"Sovereignty of Reason:" an Approach to Sovereign Immunity and Copyright Ownership of Distance-Education Courses at Public Colleges and Universities

Article excerpt

What if it tempt you toward the flood, my lord, Or to the dreadful summit of the cliff That beetles o'er his base into the sea, And there assume some other horrible form Which might deprive your sovereignty of reason, And draw you into madness?

-William Shakespeare, Hamlet1

I. INTRODUCTION

When the Software and Information Industry Association (SIIA)-which represents over 600 software makers and content providers-reviewed an inventory of the software on the computers at South Seattle Community College, the SIIA determined some of the software to be pirated and demanded that South Seattle pay $20,473 to the association's copyright-protection fund.2 The attorney general of Washington State, relying on the U.S. Supreme Court's interpretation of sovereign immunity under the Eleventh Amendment, indicated that South Seattle Community College-as an agency of its state's government-did not have to pay the fine.3

Washington's attorney general's advice to South Seattle Community College was legally sound.4 But suppose the plaintiff were not a corporate association, but a member of South Seattle's faculty who had developed an online distance-education course. If the professor objected to the institution's use of the course and sued for copyright infringement, should the institution automatically invoke sovereign immunity to fend off the lawsuit?

The chances of this scenario occurring increase directly with the proliferation of online distance-education courses, particularly at public colleges and universities.5 Faculty members and their institutions, after significantly investing their respective time and resources in developing online courses, may turn to the courts more frequently to protect their perceived rights. Although it may appear that the law is on the side of public colleges and universities in cases of infringement, these institutions-or at least their administrators-could still be susceptible to some types of infringement actions.6 Moreover, Congress has pursued legislation that would give states incentives to waive their immunity in copyright cases.7

In this digital age, it is important for public institutions of higher education and their faculty to understand their rights regarding online courses. Sovereign immunity significantly affects the rights of both parties, and this article attempts to explain the origins of the doctrine, its current status under the U.S. Supreme Court, its specific impact on copyright law, the susceptibility of public institutions and their administrators to infringement actions despite sovereign immunity, and recommendations for handling copyright ownership disputes between public institutions and their faculty.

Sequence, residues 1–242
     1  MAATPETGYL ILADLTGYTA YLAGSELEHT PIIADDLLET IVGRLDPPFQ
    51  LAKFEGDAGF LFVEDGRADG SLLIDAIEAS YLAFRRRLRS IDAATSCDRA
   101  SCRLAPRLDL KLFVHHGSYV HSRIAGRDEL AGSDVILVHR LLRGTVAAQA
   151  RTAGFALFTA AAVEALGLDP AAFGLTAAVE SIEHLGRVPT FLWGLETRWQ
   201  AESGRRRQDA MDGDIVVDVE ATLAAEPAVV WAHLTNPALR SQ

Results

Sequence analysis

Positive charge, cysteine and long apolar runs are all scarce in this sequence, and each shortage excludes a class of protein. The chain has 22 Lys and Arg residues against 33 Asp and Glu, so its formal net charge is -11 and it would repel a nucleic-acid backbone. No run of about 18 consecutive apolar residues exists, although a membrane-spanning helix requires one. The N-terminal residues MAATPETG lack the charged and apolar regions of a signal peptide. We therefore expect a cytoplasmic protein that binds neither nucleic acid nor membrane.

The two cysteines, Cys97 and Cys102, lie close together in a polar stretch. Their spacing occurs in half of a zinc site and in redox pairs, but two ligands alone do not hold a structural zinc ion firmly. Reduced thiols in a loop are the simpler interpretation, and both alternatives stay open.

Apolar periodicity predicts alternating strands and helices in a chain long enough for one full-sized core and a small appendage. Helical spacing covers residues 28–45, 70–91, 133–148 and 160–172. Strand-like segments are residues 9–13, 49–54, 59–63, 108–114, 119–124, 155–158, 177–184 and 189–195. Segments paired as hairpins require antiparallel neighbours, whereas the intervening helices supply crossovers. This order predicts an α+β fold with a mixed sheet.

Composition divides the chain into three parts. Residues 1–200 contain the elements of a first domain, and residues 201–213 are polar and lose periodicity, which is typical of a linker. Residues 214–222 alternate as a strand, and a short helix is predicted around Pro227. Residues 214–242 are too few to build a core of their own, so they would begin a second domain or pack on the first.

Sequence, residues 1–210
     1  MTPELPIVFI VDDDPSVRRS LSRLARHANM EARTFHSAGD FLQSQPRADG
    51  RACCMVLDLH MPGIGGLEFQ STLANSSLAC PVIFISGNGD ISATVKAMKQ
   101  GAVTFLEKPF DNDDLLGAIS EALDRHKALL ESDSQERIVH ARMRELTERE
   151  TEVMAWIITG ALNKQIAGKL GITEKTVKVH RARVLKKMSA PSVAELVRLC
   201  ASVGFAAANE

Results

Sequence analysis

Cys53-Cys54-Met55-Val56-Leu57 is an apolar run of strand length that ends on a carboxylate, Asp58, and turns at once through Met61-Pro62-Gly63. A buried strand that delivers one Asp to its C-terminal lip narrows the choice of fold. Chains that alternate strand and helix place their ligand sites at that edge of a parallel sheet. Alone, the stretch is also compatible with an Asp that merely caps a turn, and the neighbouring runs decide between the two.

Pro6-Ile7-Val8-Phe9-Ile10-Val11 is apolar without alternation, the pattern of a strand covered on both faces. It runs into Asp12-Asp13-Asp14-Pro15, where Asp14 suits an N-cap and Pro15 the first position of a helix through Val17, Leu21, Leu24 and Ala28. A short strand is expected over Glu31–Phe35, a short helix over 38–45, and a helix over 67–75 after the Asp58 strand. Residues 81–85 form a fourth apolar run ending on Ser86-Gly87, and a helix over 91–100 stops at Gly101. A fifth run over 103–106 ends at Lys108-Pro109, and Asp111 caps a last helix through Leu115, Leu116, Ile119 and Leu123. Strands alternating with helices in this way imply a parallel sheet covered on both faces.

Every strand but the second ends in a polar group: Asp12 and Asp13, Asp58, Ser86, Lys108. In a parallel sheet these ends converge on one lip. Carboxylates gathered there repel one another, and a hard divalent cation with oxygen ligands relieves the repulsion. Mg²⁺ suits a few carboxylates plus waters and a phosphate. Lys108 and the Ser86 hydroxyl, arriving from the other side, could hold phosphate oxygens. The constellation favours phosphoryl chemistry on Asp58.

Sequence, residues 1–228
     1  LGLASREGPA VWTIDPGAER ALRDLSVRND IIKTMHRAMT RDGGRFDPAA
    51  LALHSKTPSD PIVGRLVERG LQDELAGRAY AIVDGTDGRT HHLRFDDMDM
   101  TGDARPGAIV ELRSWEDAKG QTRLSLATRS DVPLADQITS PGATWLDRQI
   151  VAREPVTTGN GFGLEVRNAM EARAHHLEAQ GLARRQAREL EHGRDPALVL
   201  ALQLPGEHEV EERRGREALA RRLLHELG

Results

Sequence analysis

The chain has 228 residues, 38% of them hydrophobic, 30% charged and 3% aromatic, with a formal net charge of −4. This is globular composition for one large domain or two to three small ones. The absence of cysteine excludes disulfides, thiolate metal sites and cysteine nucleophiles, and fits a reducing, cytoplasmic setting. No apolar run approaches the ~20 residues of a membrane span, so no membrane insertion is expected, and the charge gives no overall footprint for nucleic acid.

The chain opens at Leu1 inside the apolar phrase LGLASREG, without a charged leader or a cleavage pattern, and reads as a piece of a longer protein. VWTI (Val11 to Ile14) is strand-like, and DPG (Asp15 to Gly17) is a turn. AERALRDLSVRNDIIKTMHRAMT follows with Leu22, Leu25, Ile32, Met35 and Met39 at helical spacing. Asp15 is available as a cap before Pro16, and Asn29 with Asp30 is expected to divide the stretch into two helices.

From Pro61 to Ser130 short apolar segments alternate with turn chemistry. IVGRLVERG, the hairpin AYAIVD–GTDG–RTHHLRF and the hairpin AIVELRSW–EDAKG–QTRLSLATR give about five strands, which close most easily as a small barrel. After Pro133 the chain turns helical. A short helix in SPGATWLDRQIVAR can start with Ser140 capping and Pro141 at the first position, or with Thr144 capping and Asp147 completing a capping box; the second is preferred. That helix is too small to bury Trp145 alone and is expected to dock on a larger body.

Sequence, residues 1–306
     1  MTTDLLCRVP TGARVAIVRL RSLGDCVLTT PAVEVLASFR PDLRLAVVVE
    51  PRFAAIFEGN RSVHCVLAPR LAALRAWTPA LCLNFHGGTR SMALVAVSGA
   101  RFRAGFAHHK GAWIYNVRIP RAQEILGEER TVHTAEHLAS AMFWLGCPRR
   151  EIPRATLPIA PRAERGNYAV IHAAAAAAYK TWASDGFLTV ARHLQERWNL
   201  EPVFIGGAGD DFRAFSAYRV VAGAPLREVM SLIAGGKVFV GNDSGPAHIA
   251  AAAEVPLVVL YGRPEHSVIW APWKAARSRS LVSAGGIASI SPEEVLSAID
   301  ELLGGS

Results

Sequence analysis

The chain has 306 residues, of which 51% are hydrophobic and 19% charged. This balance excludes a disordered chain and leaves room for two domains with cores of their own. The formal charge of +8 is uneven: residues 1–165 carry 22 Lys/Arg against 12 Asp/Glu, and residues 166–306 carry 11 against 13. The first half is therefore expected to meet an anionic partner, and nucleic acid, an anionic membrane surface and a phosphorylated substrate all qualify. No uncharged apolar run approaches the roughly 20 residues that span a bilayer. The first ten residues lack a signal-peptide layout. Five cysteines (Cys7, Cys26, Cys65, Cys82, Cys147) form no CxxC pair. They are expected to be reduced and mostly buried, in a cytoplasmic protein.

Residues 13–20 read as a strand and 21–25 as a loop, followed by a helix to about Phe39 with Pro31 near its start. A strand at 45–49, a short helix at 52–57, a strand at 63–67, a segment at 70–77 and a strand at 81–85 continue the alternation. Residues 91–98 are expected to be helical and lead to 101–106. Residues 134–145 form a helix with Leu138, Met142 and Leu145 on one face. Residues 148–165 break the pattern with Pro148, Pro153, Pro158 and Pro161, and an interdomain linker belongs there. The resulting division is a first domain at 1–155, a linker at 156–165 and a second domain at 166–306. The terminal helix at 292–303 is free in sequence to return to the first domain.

II. ONLINE COURSES: WHAT THEY ARE AND WHO ENROLLS

A. The Growth of Online Courses at Public Institutions

The U.S. Copyright Office defines distance education as "a form of education in which students are separated from their instructors by time and/or space."8 The National Center for Education Statistics defines distance education with more detail: "[E]ducation or training courses delivered to remote (off-campus) sites via audio, video (live or prerecorded), or computer technologies, including both synchronous (i.e., simultaneous) and asynchronous (i.e., not simultaneous) instruction."9

There is no typical digital distance-education course. Instructors may develop courses from scratch, or use customized templates from commercial software. They may combine several technologies, including e-mail, threaded discussions, chat rooms, whiteboard programs, shared applications, streaming video or audio, video or audio files, course management infrastructure, links to Web sites, and interactive CD-ROMs and DVD-ROMs.10

For purposes of this article, "distance-education course," "online course," and "Web-based course" will be used interchangeably. The copyrightable portions of these courses on which this article focuses are the materials prepared by the faculty member before the course begins, not the material created during the teaching of the course, such as threaded e-mail dialogues with students, and postings to the course's Web site. …